You've been there before. You buy a holster at a great price only to realize that you got what you paid for. The thing is impossible to mount and unmount to your pants, and re-holstering is out of the question. The holster gets chucked and you buy something else 3-4 times the cost.
We've already covered this in the first blog post to the Making It Work series, but you can adapt and apply a bit of finesse to make the holster work for you. Something to note: our family will always recommend buying higher quality holsters with features to meet your needs- never settle! However, this post is made for those who want their current holster to work, despite its shortcomings. The shortcoming we will focus on here is re-holstering when a holster that has lots of flex and bend to it.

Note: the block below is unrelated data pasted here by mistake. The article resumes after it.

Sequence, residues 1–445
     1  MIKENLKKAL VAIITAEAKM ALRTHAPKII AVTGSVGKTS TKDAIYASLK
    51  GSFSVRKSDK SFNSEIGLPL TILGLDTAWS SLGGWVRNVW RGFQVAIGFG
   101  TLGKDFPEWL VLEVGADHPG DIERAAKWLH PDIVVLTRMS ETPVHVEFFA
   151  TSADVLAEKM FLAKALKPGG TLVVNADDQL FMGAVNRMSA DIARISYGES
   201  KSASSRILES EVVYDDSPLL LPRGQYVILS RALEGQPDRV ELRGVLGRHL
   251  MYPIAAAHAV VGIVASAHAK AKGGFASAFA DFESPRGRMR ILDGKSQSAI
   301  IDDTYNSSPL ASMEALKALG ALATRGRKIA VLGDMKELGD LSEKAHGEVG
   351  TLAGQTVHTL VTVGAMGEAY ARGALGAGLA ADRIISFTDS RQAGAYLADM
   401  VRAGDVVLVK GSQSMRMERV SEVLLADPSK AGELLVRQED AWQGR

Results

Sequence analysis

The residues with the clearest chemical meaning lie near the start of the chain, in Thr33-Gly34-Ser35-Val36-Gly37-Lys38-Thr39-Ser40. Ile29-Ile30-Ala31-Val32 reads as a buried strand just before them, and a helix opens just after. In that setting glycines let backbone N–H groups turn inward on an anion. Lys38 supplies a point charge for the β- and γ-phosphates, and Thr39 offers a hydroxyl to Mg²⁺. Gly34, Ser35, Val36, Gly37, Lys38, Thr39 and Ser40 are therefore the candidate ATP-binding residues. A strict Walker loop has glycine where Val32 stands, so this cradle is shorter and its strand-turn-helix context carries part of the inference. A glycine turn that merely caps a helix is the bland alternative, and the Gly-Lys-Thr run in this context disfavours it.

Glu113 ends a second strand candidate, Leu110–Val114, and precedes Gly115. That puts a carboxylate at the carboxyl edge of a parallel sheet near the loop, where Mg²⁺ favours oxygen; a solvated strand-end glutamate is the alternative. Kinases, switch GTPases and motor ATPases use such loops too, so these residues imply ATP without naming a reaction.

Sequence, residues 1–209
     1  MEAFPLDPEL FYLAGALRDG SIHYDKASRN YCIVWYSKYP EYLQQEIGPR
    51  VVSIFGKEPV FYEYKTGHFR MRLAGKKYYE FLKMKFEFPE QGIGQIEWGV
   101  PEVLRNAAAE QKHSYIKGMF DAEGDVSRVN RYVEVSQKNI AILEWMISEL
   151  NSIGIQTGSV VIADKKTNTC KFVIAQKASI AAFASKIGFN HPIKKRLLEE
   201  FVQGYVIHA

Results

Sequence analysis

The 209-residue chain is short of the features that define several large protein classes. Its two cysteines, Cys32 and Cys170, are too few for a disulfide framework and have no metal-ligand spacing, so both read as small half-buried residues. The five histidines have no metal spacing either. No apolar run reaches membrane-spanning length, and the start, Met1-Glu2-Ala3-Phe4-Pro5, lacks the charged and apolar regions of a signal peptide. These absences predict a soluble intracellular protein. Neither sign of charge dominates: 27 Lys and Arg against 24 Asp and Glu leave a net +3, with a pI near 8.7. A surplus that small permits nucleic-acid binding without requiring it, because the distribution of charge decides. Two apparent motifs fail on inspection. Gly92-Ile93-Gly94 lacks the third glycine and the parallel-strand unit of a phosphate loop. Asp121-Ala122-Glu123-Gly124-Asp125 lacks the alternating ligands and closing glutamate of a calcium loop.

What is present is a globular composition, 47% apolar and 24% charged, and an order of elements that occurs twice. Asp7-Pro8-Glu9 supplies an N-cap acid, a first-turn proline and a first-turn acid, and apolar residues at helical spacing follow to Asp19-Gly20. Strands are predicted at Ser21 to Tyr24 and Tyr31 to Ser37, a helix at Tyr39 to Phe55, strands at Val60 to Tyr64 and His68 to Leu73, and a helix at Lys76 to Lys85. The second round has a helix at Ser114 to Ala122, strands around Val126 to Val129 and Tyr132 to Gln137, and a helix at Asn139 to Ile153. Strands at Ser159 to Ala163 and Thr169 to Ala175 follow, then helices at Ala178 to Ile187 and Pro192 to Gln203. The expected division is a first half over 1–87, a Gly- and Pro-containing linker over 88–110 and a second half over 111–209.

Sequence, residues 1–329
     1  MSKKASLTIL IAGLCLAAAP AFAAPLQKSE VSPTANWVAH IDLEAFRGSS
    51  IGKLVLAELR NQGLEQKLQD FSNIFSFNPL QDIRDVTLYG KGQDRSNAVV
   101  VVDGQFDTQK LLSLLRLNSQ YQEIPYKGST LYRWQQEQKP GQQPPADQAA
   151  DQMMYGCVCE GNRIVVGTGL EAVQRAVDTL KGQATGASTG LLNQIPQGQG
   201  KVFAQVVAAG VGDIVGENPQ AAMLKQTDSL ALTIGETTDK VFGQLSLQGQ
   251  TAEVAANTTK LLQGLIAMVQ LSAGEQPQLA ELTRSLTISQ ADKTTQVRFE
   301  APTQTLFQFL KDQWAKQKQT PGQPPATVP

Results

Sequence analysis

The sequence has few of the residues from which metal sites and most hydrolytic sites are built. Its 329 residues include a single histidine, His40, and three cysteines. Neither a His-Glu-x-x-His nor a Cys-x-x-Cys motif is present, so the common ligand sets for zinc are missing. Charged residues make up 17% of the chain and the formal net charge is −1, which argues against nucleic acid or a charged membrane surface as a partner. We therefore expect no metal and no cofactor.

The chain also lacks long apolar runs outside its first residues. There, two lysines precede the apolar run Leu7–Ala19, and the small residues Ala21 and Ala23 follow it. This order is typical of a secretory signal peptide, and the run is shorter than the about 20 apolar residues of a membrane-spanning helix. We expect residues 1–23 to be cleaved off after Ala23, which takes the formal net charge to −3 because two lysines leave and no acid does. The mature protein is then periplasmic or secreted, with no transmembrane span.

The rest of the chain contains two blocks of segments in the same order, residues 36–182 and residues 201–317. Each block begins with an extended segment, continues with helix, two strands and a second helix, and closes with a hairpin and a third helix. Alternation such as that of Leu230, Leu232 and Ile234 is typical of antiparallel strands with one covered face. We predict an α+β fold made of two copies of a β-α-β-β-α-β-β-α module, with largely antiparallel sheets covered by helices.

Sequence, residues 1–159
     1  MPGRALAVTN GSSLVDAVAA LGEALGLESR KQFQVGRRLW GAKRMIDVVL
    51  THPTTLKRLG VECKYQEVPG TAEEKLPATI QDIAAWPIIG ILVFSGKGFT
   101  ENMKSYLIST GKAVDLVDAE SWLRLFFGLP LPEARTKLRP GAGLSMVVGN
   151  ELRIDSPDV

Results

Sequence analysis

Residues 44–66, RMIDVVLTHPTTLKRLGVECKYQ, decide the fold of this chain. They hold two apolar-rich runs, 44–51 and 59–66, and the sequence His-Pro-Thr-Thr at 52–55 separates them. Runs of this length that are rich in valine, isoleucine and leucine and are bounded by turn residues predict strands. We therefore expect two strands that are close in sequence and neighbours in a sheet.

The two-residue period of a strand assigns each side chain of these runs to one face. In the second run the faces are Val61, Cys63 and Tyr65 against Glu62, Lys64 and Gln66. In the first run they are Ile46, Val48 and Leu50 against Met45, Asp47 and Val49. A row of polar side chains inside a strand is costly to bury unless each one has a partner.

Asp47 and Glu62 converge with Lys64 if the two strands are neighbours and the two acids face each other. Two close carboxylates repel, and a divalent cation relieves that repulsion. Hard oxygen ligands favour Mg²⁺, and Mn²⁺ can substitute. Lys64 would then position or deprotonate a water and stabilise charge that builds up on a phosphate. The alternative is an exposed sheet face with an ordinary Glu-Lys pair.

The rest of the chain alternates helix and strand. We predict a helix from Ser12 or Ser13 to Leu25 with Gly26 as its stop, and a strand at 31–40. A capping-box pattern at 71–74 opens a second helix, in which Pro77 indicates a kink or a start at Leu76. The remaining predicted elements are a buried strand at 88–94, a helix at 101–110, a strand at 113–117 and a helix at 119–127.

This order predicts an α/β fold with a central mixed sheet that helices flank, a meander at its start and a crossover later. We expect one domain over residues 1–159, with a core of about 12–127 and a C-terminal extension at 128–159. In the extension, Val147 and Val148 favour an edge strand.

Robert Farago wrote a great piece on when to re-holster your weapon. We'd like to offer the how. We recommend understanding the when before you move on to the how that will be offered below.
As an example, we will be using one of our Nylon IWB holsters. - specifically the CT3A Nylon IWB for the M&P Shield. These holsters are made for maximum comfort, convenience, and concealment. This unfortunately comes at the cost of little rigidity in the holster and becomes difficult to re-holster one handed.
Once the pistol is drawn, the holster will collapse under your waistband. It's not difficult to see that re-holstering in this state will be challenging!
Our suggestion? Instead of fishing and digging for the holster (yikes!), unmount the holster itself and bring it up to your weapon. Again, this is assuming that the proper time has come and all threats are neutralized. Try several dry runs at home and develop a fluid technique that works best for you.
This brings us to our bonus tip: If your new holster is difficult to put onto your waistband, try safely inserting your pistol first. The gun will provide the much need rigidity to make mounting easier.